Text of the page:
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A guide to managing business debt


What can you do if your company is in debt?

Debt is not always a bad thing for a business; utilised correctly, business debt can help a company stabilise its cash flow position, invest in machinery, stock and assets, and accelerate its long-term growth or expansion aims.

When business debt becomes unmanageable, however, problems can quickly start to mount for the company.

Dealing with your limited company’s business debts

Directors should be aware of the warning signs of problem business debt and be willing to take action if any of these signs are spotted:

  • Being unable to pay company creditors on time
  • Falling behind on your HMRC tax obligations
  • Being unable to access further business credit
  • Increasing pressure from creditors
  • Threats of legal action including Statutory Demands and Winding Up Petitions

When a company’s debt problems threaten the long-term viability of the business, swift action needs to be taken to stablise its financial position. If an unmanageable business debt situation is ignored and left to continue, the company’s position is only likely to worsen which could lead to the company becoming insolvent.

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What is company insolvency?

A company is classed as being insolvent when it is unable to meet its financial obligations (such as business debt payments and company tax to HMRC) as and when they fall due. If your business’s cash flow is stretched and you are finding it difficult to pay your creditors, bills, and other overheads in full and on time, this should be taken as a serious warning sign that your company could soon be – or may already be – cash flow insolvent.

Insolvency can also be determined by comparing the value of its assets with its level of outstanding debts. If the company’s debts are greater than its assets, the company is classed as being balance sheet insolvent.

If your company is insolvent, you have certain legal responsibilities which you must ensure you adhere to; failure to do this could see you in breach of your fiduciary duties. Once you know your company is insolvent, you must prioritise the interests of the business's creditors above those of yourself and your fellow directors and shareholders. This means that you should not do anything to worsen their position or risk them suffering further financial losses.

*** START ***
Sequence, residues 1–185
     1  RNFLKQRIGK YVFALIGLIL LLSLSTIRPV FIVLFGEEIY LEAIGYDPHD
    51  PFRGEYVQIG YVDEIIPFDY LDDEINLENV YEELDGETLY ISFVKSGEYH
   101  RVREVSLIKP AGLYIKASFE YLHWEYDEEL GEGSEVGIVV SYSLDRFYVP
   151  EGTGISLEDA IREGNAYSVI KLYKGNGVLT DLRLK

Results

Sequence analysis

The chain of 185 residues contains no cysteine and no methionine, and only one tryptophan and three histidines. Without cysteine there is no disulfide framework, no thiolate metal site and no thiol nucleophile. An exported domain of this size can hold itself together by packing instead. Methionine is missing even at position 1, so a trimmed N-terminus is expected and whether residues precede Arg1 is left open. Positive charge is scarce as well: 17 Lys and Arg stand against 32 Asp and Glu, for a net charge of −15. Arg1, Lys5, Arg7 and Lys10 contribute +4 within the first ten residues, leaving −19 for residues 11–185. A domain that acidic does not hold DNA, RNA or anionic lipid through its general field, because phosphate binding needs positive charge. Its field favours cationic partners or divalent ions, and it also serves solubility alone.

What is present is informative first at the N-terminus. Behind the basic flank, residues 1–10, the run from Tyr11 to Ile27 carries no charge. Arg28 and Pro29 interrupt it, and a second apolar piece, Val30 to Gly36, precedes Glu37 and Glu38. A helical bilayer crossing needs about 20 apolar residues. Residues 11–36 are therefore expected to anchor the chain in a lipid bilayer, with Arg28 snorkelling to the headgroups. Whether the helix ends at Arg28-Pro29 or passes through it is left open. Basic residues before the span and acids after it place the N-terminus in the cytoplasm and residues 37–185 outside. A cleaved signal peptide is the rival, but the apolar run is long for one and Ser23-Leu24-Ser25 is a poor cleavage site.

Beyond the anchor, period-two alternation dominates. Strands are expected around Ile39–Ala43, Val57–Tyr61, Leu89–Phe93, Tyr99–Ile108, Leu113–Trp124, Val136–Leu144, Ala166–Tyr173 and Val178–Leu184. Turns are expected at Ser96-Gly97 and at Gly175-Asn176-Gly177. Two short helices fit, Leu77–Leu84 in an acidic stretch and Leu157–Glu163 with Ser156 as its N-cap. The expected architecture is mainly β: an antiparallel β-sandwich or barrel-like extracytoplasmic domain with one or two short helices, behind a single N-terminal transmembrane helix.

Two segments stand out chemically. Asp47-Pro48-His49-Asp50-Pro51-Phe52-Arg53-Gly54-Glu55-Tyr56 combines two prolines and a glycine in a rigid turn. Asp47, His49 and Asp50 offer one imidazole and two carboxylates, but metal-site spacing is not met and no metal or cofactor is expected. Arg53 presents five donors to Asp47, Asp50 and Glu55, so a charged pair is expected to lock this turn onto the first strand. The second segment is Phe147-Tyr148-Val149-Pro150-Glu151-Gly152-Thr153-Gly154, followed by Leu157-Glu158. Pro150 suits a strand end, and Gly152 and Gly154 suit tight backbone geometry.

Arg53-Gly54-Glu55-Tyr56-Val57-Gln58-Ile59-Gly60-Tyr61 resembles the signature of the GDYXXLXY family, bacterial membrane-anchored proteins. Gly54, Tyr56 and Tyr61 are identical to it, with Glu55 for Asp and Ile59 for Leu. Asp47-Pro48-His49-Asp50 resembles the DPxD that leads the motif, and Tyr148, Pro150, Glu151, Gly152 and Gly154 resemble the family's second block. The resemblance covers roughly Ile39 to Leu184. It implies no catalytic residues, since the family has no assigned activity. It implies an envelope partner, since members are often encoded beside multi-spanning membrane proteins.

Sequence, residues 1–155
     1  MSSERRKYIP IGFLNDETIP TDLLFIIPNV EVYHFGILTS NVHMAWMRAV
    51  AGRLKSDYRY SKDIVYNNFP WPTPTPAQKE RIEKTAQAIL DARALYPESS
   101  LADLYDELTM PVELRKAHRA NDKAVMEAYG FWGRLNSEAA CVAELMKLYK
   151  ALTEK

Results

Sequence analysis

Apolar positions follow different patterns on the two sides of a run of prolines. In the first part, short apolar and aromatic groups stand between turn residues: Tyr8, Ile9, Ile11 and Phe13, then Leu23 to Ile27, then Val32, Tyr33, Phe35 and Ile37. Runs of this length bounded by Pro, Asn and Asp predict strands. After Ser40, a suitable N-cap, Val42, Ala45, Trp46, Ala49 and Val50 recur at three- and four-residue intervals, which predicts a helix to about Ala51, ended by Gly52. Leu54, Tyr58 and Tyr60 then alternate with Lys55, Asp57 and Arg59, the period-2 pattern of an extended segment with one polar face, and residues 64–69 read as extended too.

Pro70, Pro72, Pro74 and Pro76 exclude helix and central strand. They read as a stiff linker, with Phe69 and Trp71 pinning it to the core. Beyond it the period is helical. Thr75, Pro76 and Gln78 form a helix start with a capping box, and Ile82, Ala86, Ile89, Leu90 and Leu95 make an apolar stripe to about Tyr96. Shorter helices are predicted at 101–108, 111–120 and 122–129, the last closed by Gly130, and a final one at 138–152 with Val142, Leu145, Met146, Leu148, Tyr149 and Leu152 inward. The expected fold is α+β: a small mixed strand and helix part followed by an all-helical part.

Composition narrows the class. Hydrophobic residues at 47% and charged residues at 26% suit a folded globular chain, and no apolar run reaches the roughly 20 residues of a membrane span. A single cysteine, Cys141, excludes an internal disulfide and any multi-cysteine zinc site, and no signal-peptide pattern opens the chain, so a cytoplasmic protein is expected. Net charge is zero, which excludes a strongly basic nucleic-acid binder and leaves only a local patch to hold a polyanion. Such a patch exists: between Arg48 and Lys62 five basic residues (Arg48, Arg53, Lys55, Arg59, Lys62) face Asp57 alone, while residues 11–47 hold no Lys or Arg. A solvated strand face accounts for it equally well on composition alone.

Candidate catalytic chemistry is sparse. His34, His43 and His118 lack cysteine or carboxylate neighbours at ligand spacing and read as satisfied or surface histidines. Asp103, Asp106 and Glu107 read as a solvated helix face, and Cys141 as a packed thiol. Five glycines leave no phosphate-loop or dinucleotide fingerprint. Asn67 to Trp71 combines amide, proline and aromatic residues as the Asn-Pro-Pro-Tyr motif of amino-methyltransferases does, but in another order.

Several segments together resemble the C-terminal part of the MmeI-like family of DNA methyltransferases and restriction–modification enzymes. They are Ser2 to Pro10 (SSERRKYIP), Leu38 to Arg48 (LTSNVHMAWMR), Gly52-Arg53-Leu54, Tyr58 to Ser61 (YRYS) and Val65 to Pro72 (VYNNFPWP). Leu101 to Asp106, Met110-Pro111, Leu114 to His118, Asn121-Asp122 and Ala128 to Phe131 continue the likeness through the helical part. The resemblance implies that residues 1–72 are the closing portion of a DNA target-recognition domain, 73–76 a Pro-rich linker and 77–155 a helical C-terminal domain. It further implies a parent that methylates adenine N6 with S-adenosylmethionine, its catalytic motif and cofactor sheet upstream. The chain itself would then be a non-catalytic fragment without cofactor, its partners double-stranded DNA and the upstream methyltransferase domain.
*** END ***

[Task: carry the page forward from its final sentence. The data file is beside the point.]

In many cases this will mean the company has to stop trading immediately, however, there are some situations where it may be beneficial for trade to continue if it is determined that this will increase overall creditor returns. This decision can only be made by a licensed insolvency practitioner once every option for rescue, recovery, and closure have been explored.

Is your company insolvent?

If your company is insolvent you have a number of legal responsibilities that you must adhere to. Taking steps to protect creditors from further losses by contacting a licensed insolvency practitioner can help ensure you adhere to these duties.
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My business is in debt – what are my options?

The good news is that there are a range of options available to limited companies that find themselves struggling with unmanageable and ever increasing business debt. Depending on the financial and operational position of the company and the likely viability of the business going forward, solutions may include placing the company into administration to allow for a process of restructuring to take place, formally negotiating with creditors via a legally binding Company Voluntary Arrangement (CVA), or exploring options for bringing the company to an orderly end through liquidation if business debts problems mean rescue is unachievable or undesirable.

Will I have to repay my business debts personally?

When a business is incorporated as a limited company, its directors are afforded a level of protection through limited liability. A limited company is classed as its own legal entity, and therefore responsible for its own debts. If a limited company becomes insolvent, therefore, and is unable to repay its business debts, its directors will not be held personally responsible for paying the remaining amount owed.

The exception to this is if the director has signed a personal guarantee to underpin any of the company’s borrowings. In this instance, the personal guarantee will crystalise upon the company entering into formal insolvency proceedings, and responsibility for the associated business debt will transfer to the director who gave the guarantee.